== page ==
Harry Thompson: Examining all avenues

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An open letter to the Steamboat Springs City Council:

Behold the lodging tax debate. Money collected to bring more guests to town seems suspiciously to benefit locals the most. We have an excellent trails system in place. Will additional trails bring additional visitors? Our citizen committee has worked very long and hard, but have members of council directed the process to be most effective? Do these funds have to be used immediately? Have we as a community examined all practical avenues for this investment?

We now have two groups vying for the accommodations tax. The bicycle group, dedicated cyclists, wants to spend millions of dollars on trails. The Yampa Street group wants to share the funds for a promenade. Is a promenade benefitting one street a reason to pick our town over another resort town? Are these groups advocating for the interests of the community or for projects that fulfill their own narrow, self-serving goals?

One idea would be to have Steamboat commit to building and operating a 1,000- to 1,500-seat convention center at, let’s say, the Iron Horse Inn location. This immediately would create jobs both in construction and long-term operations. It would benefit the smaller convention sites, shops, dining, night life and, of course, hotels and condominiums — the very groups collecting the accommodations tax.

We can improve and add some biking trails and improve Yampa Street. But it is time to make a decision based on business and not just a feel-good solution.

Harry Thompson

Steamboat Springs

Comments

Eric Meyer 9 months, 1 week ago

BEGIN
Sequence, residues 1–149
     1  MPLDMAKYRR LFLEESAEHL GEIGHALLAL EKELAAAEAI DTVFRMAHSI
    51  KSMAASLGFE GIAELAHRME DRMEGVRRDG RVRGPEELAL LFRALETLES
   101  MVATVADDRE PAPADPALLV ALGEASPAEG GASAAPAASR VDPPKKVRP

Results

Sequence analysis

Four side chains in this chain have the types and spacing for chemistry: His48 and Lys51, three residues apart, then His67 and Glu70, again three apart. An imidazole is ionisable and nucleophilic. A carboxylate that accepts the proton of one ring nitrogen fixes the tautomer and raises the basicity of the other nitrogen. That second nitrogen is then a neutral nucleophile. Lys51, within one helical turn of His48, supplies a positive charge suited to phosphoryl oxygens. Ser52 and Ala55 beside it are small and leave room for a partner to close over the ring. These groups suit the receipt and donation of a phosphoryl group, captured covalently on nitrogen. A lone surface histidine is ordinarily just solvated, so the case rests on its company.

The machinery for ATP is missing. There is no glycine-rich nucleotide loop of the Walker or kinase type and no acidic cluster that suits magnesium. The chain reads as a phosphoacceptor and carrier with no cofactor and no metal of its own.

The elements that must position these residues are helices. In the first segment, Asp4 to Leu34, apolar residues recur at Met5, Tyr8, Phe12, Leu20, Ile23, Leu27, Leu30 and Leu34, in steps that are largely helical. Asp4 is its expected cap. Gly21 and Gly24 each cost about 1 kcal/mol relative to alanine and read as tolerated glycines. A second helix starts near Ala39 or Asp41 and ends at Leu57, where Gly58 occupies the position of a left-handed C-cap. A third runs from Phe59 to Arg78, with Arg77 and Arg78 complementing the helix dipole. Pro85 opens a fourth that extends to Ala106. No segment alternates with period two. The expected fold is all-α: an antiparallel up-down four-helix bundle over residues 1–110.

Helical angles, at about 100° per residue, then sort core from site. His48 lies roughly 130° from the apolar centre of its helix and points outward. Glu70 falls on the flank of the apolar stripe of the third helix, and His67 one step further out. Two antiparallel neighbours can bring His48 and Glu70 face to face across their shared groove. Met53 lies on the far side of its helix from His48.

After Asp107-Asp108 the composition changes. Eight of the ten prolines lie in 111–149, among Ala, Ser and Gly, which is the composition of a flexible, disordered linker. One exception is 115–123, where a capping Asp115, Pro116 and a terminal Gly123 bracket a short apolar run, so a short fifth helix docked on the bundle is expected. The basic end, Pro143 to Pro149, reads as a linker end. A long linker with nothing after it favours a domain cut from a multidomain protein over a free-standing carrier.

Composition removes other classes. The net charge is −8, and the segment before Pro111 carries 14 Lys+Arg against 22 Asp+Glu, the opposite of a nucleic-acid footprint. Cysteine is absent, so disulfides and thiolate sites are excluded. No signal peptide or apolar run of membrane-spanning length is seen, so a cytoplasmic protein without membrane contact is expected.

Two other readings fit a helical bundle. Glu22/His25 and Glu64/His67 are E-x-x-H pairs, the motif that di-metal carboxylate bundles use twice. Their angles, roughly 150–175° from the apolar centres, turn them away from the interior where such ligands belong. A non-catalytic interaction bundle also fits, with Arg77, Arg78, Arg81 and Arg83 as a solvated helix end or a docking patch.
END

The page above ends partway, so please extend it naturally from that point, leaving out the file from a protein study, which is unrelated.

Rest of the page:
Please consider learning how the trails proposal can benefit the whole community by attending this short presentation followed by a Q&A session that can be geared specifically towards questions and concerns regarding the Trails proposal.

When: Friday July 12th @ 5:30 PM Where: Library Hall What: Better Living Through Trails Overview: This presentation explores the positive relationships between communities and their trail systems. Trails as community assets can improve quality of life and livability in a community for both the biking and non-biking members, and can attract significant tourism dollars in addition in increasing overall quality of life. With statistics and case studies, participants will learn how to turn a quality community trail system into a destination trail system, and learn how to effectively market a trail system. This presentation is a great way to show the community that a club is concerned with the health of the local citizens, the health of local green spaces and the health of the local economy.

More information and places to make comments on the trails proposed can be found here: www.steamboatspringstrails.com

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